How to Evaluate if Cohabitation Has Placed Alimony at Risk

A few things can jeopardize an alimony obligation... death, remarriage or that elusive term used for describing an exclusive marriage-like relationship, "cohabitation."
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A few things can jeopardize an alimony obligation... death, remarriage or that elusive term used for describing an exclusive marriage-like relationship, "cohabitation." Cohabitation means that a couple is living together in a marriage-esque manner, with interwoven financial, social and sexual interdependencies. From a family law perspective, its presence often forces the reevaluation of whether the alimony-receiving spouse is in a "supportive" relationship such that the need for financial assistance from the payer-spouse is reduced or diminished. When the challenge of cohabitation arises, former spouses are often at serious odds with each other, arguing over whether the new relationship rises to the level of "cohabitation." The accuser compiles various pieces of evidence, while the alimony-receiving former spouse vehemently denies, denies, and denies. In order to protect the money-flow, drastic measures are often employed by the alimony-recipient, who continues to create the illusion through deceptive practices such as hiding cars or begging friends and family to lie. Cohabitation is ill-defined, and, but for the rare scenario, where divorce lawyers have, in advance, contemplated this issue arising in the future and spelled-out the specific definitions in a Marital Settlement Agreement, most are left struggling with piecing together demonstrative evidence and hoping it will suffice.

The person with the alimony obligation (the payor) should always anticipate that allegations that the ex's new relationship is tantamount to cohabitation, in violation of the terms of the divorce, will be met with absolute denial. Deny, deny, deny, because while doing so, the alimony obligation continues. Worse, the open-ended financial investment required to prove the requisite elements of cohabitation can be intimidating and include lawyers' fees, private investigators fees, and other related expenses. As cohabitation is typically shown by evidence of financial, social and sexual interdependences, you may need to gather past bank statements, credit card bills, surveillance videos and photographs documenting certain activities, and testimony from various witnesses. The likelihood of a successful outcome (e.g., reduction or termination of alimony) is highly contingent upon what is revealed.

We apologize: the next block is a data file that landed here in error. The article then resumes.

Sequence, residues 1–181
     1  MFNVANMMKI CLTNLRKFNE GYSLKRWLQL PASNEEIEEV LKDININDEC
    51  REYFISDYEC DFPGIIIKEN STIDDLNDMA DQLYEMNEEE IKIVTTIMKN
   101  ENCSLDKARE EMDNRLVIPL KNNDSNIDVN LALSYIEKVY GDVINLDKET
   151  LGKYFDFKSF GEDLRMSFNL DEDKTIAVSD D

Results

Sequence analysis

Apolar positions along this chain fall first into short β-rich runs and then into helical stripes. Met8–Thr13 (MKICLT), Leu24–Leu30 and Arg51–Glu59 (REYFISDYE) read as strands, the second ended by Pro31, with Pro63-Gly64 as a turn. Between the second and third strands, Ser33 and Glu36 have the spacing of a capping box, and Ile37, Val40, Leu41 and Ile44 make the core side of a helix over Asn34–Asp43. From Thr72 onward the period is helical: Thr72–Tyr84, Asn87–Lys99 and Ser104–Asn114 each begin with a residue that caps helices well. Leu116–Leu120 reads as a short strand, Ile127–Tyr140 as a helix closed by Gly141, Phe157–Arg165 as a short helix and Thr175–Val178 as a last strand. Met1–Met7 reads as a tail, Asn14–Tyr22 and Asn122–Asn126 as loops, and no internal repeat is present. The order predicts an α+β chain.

Before embarking on this journey, answer the following questions:

1. Does the couple spend more than three or more consecutive overnights together in a given week?

2. Does the couple share household chores such as laundry, dishes, cooking, or mowing the lawn?

3. Is there an extra toothbrush permanently left in the bathroom, or a closet filled with clothes that don't belong?

4. Does the couple instruct the children, "No, Glen doesn't live here, and don't tell anyone that!"

5. Are cars hidden in the garage, down the street or in someone else's driveway?

6. Does the couple have a shared bank account? Family plan for cell phone bills? Both names on a lease or car?

Any of the above activities are sufficient to begin challenging that your ex's relationship rises to the level of cohabitation. Answering "yes" to more than one of the above increases your chances of succeeding in a claim to modify or terminate alimony.

Cost-Benefit Analysis:

Once you've gotten over the hurdle of evaluating whether your ex is in a cohabiting relationship, and before you place the call to your lawyer to file your Motion to Terminate Alimony, you should first assess whether your overall alimony exposure warrants the expense of litigating this claim. While approaching this "on principle" that you shouldn't have to pay a single dime in alimony in the face of a cohabiting relationship, the reality is that there is a real financial burden associated with proving your case. By way of example, if your alimony obligation is $200/month for the next two years ($4,800), it may not be worth your while to fight the good fight. However, if you are facing $2,000/month for the next five years or more ($100,000+), then the benefits of challenging the obligation far exceed the costs involved. A family lawyer well-versed in the elements required to prove a cohabitation claim can help you assess the merits of your claim.

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